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# Hydraulic System

## Hydraulic System

(OP)
Hello everyone,

I am currently in the final module of my degree. I have had to design a wheel lift trolley. I am struggling for the following, if anyone can help I would really appreciate it.

How will I go out:

Deciding on the system pressure.
Deciding on what hydraulic pumps to use.
Deciding on the size of hydraulic rams to use.

It seems I need the answers to all of these in the beginning.

Any help would be great.

Thanks

### RE: Hydraulic System

How much force do you need?
How much space do you have?
Larger diameter need less pressure, but more fluid and cost more, until smaller systems reach higher pressures and start to cost more.
Rod length is determined by distance need to actuate your device, but the longer the rod, the greater diameter is required to prevent buckling; see how much force is required.
Force and diameter determine operating pressure.
Velocity of rod required? How fast does the rod need to travel. How fast does the cylinder need to fill? Determine the flow rate.
Velocity and cylinder diameter determine the required flow rate.
That may impact tubing diameter and pressure loss.
All pressure losses in combination with cylinder pressure needed determine pump pressure needed.
Once you know flow rate and pressure needed, look for a pump that can deliver.

### RE: Hydraulic System

#### Quote:

I am currently in the final module of my degree.
If your degree is in anything mechanical, you slept through about a dozen lectures in previous modules where the principles behind all of these questions were answered.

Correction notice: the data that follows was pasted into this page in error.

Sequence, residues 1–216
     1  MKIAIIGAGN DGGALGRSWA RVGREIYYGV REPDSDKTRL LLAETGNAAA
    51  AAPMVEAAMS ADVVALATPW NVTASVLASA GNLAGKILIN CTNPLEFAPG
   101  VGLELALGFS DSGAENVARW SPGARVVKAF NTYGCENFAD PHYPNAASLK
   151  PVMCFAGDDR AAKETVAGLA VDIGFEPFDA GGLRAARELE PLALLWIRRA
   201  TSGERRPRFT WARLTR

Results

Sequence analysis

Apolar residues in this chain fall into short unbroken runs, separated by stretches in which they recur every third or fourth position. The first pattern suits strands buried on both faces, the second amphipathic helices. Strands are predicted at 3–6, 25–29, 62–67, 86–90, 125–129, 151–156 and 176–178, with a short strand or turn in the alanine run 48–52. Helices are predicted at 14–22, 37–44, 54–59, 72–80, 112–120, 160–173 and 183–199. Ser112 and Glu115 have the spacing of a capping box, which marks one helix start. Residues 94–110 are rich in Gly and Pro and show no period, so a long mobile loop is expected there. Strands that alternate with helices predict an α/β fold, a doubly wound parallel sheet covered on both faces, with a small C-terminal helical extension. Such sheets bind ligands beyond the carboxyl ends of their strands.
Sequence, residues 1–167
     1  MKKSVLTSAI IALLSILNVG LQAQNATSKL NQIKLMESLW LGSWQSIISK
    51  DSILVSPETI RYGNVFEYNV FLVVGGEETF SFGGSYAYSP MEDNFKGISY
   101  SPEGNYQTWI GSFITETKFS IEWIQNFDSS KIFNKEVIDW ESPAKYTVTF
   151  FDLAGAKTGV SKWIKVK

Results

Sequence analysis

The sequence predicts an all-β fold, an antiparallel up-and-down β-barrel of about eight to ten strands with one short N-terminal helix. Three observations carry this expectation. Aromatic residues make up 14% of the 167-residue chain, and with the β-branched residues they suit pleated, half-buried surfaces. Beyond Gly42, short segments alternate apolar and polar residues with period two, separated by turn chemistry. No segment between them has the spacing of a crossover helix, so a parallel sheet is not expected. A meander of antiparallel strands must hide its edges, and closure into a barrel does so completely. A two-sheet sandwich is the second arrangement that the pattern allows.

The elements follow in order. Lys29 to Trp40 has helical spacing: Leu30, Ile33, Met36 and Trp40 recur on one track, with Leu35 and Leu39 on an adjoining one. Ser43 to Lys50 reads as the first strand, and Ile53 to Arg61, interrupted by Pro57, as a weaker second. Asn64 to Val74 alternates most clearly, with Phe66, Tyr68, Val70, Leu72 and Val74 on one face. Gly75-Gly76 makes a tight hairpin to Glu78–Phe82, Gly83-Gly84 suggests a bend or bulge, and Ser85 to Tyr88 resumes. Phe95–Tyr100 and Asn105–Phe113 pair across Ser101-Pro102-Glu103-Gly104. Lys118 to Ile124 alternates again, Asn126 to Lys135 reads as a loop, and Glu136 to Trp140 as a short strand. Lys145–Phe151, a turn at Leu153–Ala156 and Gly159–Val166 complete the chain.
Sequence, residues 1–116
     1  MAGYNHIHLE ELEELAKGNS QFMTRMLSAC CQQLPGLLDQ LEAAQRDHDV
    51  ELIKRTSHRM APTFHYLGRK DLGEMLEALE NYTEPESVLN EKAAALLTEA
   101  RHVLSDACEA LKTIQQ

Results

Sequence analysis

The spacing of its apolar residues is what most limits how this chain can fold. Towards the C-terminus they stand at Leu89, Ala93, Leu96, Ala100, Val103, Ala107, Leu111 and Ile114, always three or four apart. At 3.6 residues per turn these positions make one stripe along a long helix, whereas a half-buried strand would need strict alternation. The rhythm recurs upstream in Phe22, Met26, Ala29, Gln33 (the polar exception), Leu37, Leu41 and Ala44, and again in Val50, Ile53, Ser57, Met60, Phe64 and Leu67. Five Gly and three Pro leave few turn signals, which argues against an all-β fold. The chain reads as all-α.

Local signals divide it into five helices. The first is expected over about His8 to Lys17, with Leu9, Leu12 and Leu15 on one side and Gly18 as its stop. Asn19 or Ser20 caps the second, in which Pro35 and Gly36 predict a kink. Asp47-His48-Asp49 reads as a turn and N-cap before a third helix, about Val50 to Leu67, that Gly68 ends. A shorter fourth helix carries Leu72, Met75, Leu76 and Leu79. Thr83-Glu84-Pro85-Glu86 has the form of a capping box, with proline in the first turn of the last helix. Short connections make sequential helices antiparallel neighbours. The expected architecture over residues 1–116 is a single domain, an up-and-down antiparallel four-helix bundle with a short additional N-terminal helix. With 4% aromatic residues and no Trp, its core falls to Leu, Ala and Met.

Go back and check your notes and textbooks.
If your degree is in philosophy, if a tree falls in the forest, will it take more pressure to lift the wheel than if no one hears it?
Seriously, this is where you should be looking through catalogs to see what various components are available at a reasonable price.

Bill
--------------------
Ohm's law
Not just a good idea;
It's the LAW!

### RE: Hydraulic System

I think it is quite common for each of the above subjects to be taught separately, consequently students do not get an appreciation of how each is integrated into a useful system that actually does something you want it to do. I learned a lot about hydraulic principles, but little about pipelines and virtually nothing about fluid power. A lot about pressure loss, but nothing about pipe stress. How to analyse a truss and frame, but little about how to design a building. How to combine some organic chemicals, but no idea about what it takes to build a refinery. Those things get integrated on the job when you have to put everything together and deliver something that actually works. More class time needs to be devoted to practical objectives of making something out of all the components.

### RE: Hydraulic System

What 1503 said, but add: figure out how to decode the catalogs (figure out the symbology of spool valves and other control elements), learn the lingo -- i.e. what does a 4/3 spool valve with pilot operated check valves do, compared to one with open neutral ports, or what benefit does a variable volume pump give vs. a fixed flow gear pump, etc. etc. A deep dive into the hydraulic catalogs and also finding the relevant ISO or SAE standards for design of circuits and controls is probably in your future.

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